I know a lot of my audience has complex family situations, and I wanted to share my response with you all for a couple of reasons.
1. To reinforce to myself that it is ok to be hurt
2. It is ok to feel like you didn't get what you needed from a relationship
3. It is ok to let that relationship go when them time is right for you
4. To tell you, if you're going through a similar situation, that it is ok. Feel what you need to feel.
I completely acknowledge that you have no animosity in writing this. You know what though, you may not remember but when my niece was born we sat in the hospital cafeteria and I was in tears about the relationship that I did or did not have with Dad because he wasn’t there for me when I needed him. You know what you said? “Well you just need to get over it”. That is a bloody hard thing to hear when I’ve been mourning the loss of a relationship I should have had with my Dad for the past 20 or so years.
For years before that, I had received the occasional birthday card, always written by you. For years, I was called for my birthday on the wrong date. For years I was a sad little girl who didn’t have a relationship with my father. When I was 14 I wrote a letter to him saying that he needed to be more involved in my life and that that he was the adult. The love needed to come from him. I was just a kid. The thing is, I am now an adult, 20 years on from that letter. I haven’t needed Dad in my life because he hasn’t been there for me for the special occasions, but I sure as hell wanted him there sometimes to fill the role of Dad. It wasn’t up to me as the child to ring and say "guess what Dad, I’m doing this". He has a telephone, and I have had the same number since 1999. Hasn’t changed.
I have two children of my own now and I would walk over a bed of nails, a river of lava or face a firing squad for them because I love them. THAT is what you do when you have children and you love them.
You have no idea how often I have cried about the things I have missed out on by not having a Dad around. Let me list a few.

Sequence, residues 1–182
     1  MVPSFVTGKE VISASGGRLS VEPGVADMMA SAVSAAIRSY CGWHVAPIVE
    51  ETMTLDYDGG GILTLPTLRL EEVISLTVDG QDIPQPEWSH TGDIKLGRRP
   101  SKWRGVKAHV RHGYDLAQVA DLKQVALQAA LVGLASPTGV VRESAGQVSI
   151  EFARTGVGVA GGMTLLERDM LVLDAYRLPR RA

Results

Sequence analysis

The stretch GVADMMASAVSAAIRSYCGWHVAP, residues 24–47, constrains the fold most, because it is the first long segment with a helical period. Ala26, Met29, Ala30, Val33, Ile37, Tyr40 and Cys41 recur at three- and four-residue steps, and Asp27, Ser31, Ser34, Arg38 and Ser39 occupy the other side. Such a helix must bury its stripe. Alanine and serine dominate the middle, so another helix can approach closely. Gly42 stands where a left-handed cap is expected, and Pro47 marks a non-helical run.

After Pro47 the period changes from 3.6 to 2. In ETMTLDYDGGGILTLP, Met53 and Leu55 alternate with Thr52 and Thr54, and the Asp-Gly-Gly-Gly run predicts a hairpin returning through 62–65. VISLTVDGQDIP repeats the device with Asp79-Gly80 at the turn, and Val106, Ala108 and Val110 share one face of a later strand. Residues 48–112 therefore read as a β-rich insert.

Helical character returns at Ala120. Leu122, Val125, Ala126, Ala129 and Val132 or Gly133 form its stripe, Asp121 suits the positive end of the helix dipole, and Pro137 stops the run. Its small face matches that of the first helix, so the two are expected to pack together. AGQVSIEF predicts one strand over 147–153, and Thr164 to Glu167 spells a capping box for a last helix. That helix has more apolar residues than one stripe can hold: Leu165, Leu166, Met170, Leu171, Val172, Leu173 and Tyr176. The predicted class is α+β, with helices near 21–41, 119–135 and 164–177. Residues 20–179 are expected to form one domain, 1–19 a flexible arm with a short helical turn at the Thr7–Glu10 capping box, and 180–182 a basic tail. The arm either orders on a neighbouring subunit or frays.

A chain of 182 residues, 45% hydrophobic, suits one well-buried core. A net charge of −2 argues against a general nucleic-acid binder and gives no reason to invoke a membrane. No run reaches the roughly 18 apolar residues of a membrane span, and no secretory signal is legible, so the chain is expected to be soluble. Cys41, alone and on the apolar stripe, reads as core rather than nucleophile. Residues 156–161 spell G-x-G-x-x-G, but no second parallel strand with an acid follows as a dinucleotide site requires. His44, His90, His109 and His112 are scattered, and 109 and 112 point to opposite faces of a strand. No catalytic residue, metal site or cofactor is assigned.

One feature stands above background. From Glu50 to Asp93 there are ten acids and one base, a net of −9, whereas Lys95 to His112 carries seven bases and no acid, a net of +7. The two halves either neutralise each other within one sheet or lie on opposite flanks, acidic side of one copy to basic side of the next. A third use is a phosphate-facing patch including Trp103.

- Graduating primary school
- Passing my music exams
- Playing in my band
- Having a father daughter dance at my debutante ball
- Graduating Year 12
- Learning to drive
- Joining the Navy
- Graduating from Officer training school
- Graduating University
- Deploying overseas and receiving care packages whilst at war
- Having my father walk me down the aisle
- Having a father daughter dance
- Being around to visit my firstborn
- Being around to meet my secondborn at all
- Talking about my business and how it makes me happy.
These are just a few off the top of my head. I know I’ll be criticised for not inviting him to half of those things, but the thing is, in order to be special enough to be part of those things, you need to be around, you need to put in the effort from the start and as I said when I was 14, he was the adult. It was his job to make the effort. Now that I’m the adult, I can take control over the things that make me happy in my life. Unfortunately being around you both makes me feel awkward and uneasy, as if I am in a room with strangers.
So when I spoke to that family member who relayed our conversation back to you, I never said that Dad was a terrible person, I simply stated that he was never there for me when I wanted him to be, and that’s the truth.
I hope you can find your own peace in that and understand. I have no interest getting into a further discussion about all of this. It is what it is, and I have had countless hours of psychological help to help me deal with it. I don’t want to reopen old wounds.
All the best,